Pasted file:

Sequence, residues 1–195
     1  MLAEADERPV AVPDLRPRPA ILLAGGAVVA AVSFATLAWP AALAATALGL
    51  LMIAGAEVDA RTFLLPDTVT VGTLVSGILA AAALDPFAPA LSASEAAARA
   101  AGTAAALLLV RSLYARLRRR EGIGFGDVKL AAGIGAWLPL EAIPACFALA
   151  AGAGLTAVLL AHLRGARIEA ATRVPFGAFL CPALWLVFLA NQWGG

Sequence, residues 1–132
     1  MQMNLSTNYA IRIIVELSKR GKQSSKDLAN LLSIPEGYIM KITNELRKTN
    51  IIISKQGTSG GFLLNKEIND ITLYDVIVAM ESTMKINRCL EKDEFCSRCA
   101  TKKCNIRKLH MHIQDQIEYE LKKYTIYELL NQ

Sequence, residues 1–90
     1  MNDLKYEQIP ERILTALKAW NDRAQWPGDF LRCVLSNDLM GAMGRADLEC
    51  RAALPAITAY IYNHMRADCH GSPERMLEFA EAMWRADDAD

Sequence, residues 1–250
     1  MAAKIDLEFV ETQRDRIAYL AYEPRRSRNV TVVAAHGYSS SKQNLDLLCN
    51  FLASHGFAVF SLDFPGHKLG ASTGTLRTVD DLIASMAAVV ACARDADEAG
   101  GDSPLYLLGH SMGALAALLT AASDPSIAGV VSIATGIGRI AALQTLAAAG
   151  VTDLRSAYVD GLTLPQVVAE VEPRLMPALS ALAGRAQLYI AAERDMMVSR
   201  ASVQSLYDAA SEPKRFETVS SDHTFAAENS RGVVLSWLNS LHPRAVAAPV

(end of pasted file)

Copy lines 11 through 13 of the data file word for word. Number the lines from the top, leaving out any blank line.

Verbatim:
     1  MNDLKYEQIP ERILTALKAW NDRAQWPGDF LRCVLSNDLM GAMGRADLEC
    51  RAALPAITAY IYNHMRADCH GSPERMLEFA EAMWRADDAD

Sequence, residues 1–250